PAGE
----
The joint venture relationship among Simon, Inc., Kan.Am, and their affiliates dates back to the mid-1990s when The Mills Corporation ("Mills Corp."), a "developer, owner, and manager" of a portfolio of retail properties, [10]"approached [Simon, Inc.] about participating in a series of joint ventures for the purpose of developing and owning various shopping centers in metropolitan areas across the United States."[11] Mills Corp., like Simon, Inc., was a REIT structured as a UPREIT; its operating partnership was The Mills Limited Partnership ("Mills Partnership"). Mills Corp. owned a majority of Mills Partnership and also served as its general partner.[12] Mills Corp. common stock was publicly traded on the NYSE and Mills Partnership units ("Mills Units") were convertible into the publicly traded stock of Mills Corp. or cash, at the option of Mills Corp.[13]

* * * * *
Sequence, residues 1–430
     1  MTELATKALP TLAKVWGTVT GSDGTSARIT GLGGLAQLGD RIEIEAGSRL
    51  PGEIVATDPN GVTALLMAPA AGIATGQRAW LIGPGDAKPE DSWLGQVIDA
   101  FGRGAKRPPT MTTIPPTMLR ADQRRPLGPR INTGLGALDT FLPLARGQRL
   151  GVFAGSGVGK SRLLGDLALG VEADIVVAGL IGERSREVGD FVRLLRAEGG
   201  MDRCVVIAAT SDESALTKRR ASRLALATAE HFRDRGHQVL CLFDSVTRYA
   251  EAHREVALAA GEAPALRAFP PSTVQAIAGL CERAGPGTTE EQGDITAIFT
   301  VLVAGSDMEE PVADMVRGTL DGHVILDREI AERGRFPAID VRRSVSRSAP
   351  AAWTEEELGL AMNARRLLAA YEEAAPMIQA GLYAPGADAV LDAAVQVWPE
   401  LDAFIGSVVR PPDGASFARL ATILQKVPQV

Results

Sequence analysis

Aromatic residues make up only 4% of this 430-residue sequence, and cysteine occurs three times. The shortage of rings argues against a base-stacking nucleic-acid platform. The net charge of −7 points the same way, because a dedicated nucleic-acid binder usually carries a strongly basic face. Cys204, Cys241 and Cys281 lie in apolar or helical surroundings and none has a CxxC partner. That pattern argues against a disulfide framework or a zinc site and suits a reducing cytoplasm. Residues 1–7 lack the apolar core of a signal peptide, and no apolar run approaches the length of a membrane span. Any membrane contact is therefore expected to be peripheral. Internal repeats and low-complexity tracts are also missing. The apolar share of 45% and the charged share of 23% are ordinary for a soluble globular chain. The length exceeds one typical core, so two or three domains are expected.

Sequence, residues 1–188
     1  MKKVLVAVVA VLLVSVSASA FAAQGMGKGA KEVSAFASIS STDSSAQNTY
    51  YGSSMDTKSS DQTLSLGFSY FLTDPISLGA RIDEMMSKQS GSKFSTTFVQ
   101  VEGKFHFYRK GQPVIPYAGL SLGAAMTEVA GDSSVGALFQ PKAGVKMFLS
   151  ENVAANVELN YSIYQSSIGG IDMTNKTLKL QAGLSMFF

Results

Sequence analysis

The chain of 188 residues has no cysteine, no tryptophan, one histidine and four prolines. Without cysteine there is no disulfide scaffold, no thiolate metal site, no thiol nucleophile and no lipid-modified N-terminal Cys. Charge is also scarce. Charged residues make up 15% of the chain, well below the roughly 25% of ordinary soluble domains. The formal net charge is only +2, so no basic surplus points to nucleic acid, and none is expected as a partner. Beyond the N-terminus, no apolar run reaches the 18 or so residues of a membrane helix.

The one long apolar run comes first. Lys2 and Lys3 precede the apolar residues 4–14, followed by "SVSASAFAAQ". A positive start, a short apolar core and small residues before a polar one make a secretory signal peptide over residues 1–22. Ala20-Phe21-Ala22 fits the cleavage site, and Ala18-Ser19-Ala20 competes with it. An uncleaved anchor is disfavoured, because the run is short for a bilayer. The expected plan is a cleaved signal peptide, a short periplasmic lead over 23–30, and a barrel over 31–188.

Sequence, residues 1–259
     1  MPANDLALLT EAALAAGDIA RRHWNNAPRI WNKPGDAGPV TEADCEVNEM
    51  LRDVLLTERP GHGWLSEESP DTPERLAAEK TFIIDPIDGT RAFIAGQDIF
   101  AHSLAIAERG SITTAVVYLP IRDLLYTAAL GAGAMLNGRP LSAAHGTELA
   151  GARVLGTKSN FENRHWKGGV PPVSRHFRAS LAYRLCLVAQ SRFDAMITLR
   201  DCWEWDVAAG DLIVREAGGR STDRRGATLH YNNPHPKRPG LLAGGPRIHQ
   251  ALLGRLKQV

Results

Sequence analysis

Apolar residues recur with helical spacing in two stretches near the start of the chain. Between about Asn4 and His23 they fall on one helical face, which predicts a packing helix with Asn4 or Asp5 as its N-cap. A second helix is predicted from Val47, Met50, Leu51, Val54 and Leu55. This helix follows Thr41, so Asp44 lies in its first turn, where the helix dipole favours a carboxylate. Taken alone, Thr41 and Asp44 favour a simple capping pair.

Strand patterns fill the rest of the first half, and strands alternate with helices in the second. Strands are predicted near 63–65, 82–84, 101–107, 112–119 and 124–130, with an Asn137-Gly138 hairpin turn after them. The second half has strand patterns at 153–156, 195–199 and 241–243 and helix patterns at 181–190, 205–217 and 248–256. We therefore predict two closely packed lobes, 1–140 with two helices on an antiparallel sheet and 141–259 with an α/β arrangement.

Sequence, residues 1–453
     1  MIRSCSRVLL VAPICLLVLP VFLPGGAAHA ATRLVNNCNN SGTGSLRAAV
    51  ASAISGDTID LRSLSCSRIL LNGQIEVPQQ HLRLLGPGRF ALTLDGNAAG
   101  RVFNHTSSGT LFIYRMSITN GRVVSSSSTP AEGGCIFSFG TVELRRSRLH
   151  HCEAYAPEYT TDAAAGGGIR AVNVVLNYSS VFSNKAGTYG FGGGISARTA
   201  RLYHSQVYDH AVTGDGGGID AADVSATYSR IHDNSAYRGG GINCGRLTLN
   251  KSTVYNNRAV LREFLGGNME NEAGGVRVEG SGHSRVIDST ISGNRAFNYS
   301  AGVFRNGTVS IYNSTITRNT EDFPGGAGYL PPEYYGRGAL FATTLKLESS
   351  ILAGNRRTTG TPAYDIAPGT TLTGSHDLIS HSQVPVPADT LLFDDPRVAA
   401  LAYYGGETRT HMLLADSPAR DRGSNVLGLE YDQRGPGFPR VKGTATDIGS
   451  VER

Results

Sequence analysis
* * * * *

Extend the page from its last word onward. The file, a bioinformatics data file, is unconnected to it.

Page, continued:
Thereafter, Mills Corp. and Simon, Inc., through affiliates of their respective operating partnerships, and Kan.Am, through its various funds, began fostering a business relationship that involved the pursuit of real estate joint ventures.[14]Among the joint ventures developed during the mid- to late-1990s were the Grapevine Mills, Arundel Mills, and Concord Mills Limited Partnerships.[15]Grapevine Mills LP, which was formed in July 1996, was the first joint venture where Simon, Inc., Mills Corp., and Kan.Am were all involved at inception; its governing limited partnership agreement was executed in 1996 (the "Grapevine Mills Agreement").[16] The Concord Mills LP was formed and the agreement governing the parties' relationship was executed (the "Concord Mills Agreement") in July 1997.[17] In 1999, the Arundel Mills LP was formed and the agreement governing the parties' relationship was executed (the "Arundel Mills Agreement, " and collectively with the Grapevine Mills and Concord Mills Agreements, the "Original JV Agreements").[18] In each joint venture project, "the managing general partner . . . was an entity co-owned by [Simon Group] and [Mills Partnership] or their respective affiliates."[19]